Michigan State's Bennie Fowler is Learning to be His Own Man


Bennie Fowler ready to step into Mark Dell’s shoes.


Bennie Fowler is turning heads this spring.


After a red-shirt freshman season which saw him collect 573 all-purpose yards (sixth best on team), he is being looked at by the coaching staff as a big piece of the offensive puzzle. He is a weapon as a receiver – in terms of both catching the ball and running reverses – and a kick returner. He was second on the team with 336 kick return yards.


He also showed flashes of greatness along the way, such as catching a 49-yard touchdown pass against Alabama in the Capital One Bowl. His biggest moment in a Spartans uniform was arguably against Northwestern, when he saw increased playing time due to a Keshawn Martin injury. Fowler scored on a 22-yard reverse and then caught a 21-yard pass from punter Aaron Bates, eventually slimming the Wildcats’ lead to three points and putting MSU in prime position for a comeback.


With players Martin, Keith Nichol and B.J. Cunningham ready to roar in their senior seasons, Fowler and Tony Lippett are the young guys at the position. With the way the coaches have talked about the receiving corps, the Spartans’ offense looks like it will be even more dangerous than it was in 2010.


“Coach (Terrence) Samuels is still on me, pushing me technique-wise,” Fowler said with a grin. “I’m not getting too ahead of myself. I still think I have a lot of things to work on and I’m still learning a lot from Keshawn and B.J. and Keith. I’m slowly but surely getting there.


“(I think I’m best) at stretching the field. I can do kick returns, be a possession receiver … whatever the team needs me to do I can do, but definitely stretching the field,” he said.


With the returning seniors lining up on the edges, Fowler seems to have found himself a solid spot to consistently come in and be on the field as the fourth receiver – at least in terms of age. When it comes to his maturity, he is a very well-versed player and person. He doesn’t get too ahead of himself when others build him up, nor does he let himself lose sight on what is important to the team.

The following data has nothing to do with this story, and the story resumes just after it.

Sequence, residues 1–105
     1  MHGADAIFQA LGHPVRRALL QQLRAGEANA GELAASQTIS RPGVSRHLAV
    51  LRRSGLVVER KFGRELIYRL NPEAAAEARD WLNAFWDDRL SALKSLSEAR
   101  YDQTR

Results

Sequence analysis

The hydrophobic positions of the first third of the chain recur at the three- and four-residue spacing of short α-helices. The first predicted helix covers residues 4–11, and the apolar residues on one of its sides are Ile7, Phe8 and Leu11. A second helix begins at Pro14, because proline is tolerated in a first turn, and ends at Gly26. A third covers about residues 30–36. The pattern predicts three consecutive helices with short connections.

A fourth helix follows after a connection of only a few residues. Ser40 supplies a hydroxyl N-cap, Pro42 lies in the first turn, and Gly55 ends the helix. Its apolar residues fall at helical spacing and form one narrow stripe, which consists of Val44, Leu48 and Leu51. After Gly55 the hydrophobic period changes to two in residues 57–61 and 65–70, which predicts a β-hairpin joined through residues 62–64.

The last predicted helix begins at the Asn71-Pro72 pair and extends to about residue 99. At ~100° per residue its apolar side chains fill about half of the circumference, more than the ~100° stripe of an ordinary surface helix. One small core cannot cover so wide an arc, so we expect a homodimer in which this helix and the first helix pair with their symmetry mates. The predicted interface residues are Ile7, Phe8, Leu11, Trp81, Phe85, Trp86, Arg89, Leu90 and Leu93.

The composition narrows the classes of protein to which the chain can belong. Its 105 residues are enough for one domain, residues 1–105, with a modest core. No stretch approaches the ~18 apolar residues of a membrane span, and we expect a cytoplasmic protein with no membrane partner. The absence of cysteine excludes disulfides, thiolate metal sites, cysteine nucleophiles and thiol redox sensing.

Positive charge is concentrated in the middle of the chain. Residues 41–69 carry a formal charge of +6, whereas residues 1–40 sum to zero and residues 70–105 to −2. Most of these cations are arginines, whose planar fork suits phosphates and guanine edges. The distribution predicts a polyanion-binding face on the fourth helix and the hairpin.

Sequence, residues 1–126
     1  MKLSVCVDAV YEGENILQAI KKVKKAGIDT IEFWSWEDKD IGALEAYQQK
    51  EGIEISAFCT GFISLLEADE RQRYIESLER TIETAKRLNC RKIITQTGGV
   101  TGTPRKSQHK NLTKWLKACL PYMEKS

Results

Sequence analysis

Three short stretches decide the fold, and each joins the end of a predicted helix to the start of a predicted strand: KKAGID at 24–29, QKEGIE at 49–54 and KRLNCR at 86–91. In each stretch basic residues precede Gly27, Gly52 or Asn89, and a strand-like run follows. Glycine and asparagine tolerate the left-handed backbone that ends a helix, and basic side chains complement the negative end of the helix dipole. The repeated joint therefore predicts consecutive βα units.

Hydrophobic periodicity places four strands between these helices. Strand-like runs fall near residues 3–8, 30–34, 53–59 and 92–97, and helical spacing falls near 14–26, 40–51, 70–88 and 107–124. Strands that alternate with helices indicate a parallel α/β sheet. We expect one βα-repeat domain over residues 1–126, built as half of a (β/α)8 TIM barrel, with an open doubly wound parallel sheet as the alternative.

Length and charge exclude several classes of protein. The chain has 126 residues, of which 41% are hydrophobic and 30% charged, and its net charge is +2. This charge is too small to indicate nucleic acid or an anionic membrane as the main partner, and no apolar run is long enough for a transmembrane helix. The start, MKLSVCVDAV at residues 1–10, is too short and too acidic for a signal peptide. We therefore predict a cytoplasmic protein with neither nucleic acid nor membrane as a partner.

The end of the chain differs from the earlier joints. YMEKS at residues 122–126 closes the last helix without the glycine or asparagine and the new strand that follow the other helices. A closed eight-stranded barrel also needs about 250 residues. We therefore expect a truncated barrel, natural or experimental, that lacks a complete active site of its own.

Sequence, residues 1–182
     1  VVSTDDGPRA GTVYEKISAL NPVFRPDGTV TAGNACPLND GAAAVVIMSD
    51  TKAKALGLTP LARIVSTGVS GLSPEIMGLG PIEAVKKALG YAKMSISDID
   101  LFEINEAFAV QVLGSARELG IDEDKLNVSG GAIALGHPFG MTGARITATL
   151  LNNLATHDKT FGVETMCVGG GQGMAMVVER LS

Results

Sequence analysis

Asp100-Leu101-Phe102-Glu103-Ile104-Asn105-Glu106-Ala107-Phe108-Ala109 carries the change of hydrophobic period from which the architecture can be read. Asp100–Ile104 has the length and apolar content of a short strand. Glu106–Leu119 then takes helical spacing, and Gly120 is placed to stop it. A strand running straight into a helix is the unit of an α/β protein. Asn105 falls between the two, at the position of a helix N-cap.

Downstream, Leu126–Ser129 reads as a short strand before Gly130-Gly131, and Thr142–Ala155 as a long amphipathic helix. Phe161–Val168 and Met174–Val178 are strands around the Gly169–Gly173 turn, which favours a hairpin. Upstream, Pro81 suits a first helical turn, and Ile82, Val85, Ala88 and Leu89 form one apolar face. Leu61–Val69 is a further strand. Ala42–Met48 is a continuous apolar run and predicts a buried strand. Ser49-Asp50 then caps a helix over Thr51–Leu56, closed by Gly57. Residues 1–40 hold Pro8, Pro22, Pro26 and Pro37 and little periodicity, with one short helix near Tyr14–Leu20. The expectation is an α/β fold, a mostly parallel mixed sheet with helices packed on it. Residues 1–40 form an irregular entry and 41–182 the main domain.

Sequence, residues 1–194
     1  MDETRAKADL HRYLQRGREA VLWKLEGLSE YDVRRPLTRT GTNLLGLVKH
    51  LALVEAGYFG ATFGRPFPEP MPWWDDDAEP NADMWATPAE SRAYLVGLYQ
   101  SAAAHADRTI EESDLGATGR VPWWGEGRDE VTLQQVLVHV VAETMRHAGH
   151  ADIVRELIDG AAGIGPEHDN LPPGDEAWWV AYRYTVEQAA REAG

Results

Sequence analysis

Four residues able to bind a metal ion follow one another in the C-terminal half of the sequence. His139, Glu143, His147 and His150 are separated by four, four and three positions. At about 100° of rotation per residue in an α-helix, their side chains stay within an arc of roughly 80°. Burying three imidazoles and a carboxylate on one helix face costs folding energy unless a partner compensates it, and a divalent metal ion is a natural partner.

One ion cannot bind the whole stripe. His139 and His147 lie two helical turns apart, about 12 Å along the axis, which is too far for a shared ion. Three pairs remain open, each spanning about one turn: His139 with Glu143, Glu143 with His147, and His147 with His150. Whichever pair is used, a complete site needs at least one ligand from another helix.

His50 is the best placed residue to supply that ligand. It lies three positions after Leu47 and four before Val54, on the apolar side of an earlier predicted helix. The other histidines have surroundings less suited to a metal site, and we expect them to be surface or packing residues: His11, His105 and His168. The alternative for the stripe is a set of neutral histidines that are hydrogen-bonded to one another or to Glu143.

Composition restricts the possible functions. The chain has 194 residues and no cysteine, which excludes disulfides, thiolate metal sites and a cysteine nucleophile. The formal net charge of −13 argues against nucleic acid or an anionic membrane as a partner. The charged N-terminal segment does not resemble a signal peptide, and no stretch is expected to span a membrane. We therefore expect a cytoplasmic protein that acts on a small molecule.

Fowler continues to get better as each practice comes and goes. He has actually been working on honing his skills with ex-MSU receiver Mark Dell, who was a senior last season. Fowler said that he and Dell practice with one another and play catch when practice isn’t taking place, perfecting his hand-eye coordination and becoming a better receiver.


“(Dell) stands on me ‘cause he sees something in me,” Fowler said, alluding to the fact that Dell really didn’t break out until his senior season in green and white. “He’s always on me about that, making sure I’m preparing for every year like it’s my senior year. He said that’s the approach I should take, as if every snap was my last.”

If you ask Fowler about the depth of the team, most notably in terms of wide receivers, he gets excited. It makes him work harder every day because he doesn’t want to get lost in the shuffle. He is also admired by all of his teammates, saying that at the end of the day each player in that locker room is part of a team. He understands that football is a sport driven by each player getting along with the next and having that special feeling of togetherness.


But if you press him on whether Lippett can cover him one-on-one between the hash marks, his response is what you would expect from a competitive athlete.


“I’m not gonna give (Lippett) that,” Fowler says, smiling with all the confidence in the world.